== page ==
The last eighteen months have been brutal for the aviation industry. Fortunately, there are improvements and signs of recovery throughout the entire industry. But it is still going to be a turbulent ride before aviation is back on track, if parts of the industry will get back at the same level as before the pandemic at all.
If you look at the different segments within the industry, you will see big differences. Take a look at the US, for instance. Intercontinental flights are still at a low level, due to travel restrictions posted by both the US-government as well as other countries. Domestic passenger flights however, are up and almost at pre-pandemic levels, with TSA reporting that they are screening over two million travellers a day. Southwest Airlines, one of the largest low-budget airlines, reported a 348 million dollar profit in Q2 of 2021.
The reboot of domestic aviation is not coming easy. The US Senate approved a 54 billion dollar rescue package for airlines last year, to prevent personnel being furloughed. Though, thousands of employees were still fired. The effects of that today are that there is a massive shortage on pilots and cabin personnel, resulting in lots of cancelations (Southwest’s on-time performance in June was just 62.4%). This has led the US Senate to asking questions about the shortage of personnel.
Europe is still catching up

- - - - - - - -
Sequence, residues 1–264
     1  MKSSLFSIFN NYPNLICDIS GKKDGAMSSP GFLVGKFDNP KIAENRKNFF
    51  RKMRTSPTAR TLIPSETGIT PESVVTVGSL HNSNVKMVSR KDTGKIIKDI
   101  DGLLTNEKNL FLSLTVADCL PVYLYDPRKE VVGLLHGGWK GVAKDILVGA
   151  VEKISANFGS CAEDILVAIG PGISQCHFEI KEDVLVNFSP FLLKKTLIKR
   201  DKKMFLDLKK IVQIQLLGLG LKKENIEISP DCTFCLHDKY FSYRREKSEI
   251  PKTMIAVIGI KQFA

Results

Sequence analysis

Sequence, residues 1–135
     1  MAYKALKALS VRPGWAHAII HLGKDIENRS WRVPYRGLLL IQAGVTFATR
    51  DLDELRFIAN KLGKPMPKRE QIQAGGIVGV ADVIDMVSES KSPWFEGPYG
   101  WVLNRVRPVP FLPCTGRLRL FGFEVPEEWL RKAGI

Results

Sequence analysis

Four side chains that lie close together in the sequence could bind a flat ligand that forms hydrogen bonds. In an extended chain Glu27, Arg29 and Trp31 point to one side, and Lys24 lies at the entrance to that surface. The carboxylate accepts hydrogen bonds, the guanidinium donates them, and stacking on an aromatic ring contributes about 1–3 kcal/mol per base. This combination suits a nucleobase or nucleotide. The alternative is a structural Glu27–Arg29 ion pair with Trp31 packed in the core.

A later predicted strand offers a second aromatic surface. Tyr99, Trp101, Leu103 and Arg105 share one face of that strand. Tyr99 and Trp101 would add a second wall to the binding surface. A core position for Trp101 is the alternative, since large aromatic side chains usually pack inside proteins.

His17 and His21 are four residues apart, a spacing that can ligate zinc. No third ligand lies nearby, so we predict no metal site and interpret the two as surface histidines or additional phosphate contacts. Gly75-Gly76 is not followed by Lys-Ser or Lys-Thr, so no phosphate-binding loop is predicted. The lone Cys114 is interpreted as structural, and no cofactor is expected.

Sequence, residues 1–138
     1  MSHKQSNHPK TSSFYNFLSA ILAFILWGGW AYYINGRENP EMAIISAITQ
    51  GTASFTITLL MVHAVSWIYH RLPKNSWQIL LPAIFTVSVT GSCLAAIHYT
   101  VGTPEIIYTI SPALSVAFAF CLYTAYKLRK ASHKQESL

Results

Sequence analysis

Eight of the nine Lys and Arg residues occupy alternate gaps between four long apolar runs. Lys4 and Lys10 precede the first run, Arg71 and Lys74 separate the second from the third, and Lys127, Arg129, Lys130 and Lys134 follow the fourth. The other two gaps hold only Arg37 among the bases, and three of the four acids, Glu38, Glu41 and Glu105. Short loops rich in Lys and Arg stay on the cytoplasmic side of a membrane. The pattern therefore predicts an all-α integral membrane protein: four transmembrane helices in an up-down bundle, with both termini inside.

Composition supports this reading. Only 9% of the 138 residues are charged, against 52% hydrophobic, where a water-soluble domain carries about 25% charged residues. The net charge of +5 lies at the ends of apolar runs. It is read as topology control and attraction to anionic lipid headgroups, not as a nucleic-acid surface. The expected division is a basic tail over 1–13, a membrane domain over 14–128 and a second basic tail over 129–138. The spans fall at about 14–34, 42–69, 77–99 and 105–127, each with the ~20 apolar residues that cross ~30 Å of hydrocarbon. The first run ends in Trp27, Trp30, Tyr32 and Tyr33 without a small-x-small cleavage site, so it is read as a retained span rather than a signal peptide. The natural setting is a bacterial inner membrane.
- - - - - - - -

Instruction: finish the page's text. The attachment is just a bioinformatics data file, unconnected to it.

Meanwhile in Europe, we see air travel continuing to grow. ACI Europe reported recently that passenger traffic is improving but at -53% of pre-pandemic levels, it is still a long way to go. Since the beginning of the year, Europe’s airports have already lost 969 million passengers (-75% vs. 2019). In the Netherlands flights are on the up. Eindhoven Airport expects to handle 3.000 flights in August, up from 2.700 flights in July and just 1.350 in June. Schiphol Airport is seeing its passenger numbers rise as well, with 1.7 million passengers passing through in June. It is still half of the numbers we saw in 2019.
Cargo and manufactures are pulling the fleet
One market that is doing extremely well, is (intercontinental) cargo aviation. According to IATA, in June 2021 cargo flights grew with 9,9%, in comparison to June 2019. Many airlines lean on this growth, to compensate for the losses in passenger flights. At the same time, aircraft manufacturers are posting better outlooks as well. Both Boeing and Airbus report quarterly profits that are better than anticipated and Airbus is saying it will deliver more airplanes this year the predicted. Airlines are looking to invest in new airplanes. Southwest airlines ordered 100 new Boeing Max aircrafts with an option for 155 more. Air France / KLM is acquiring 170 new planes, where it seems Airbus is the preferred manufacturer.
Airports last in line
With the recovery still on a rocky road, airports are last in line to see themselves return to pre-pandemic levels of passengers and revenues. For a lot of them, it is not just passengers that generates revenue: they also rely on other economic activities, such as commercial activities or transportation. When they will be back on pre-pandemic levels, is hard to say. That depends on local economic growth. If the airports can find a way to stimulate these other activities, it can benefit them. Maybe airports that rely solely on aviation, might need to think about creating new types of business at the airport.
Anyhow, for airports it will also take some years to reach pre-pandemic levels.
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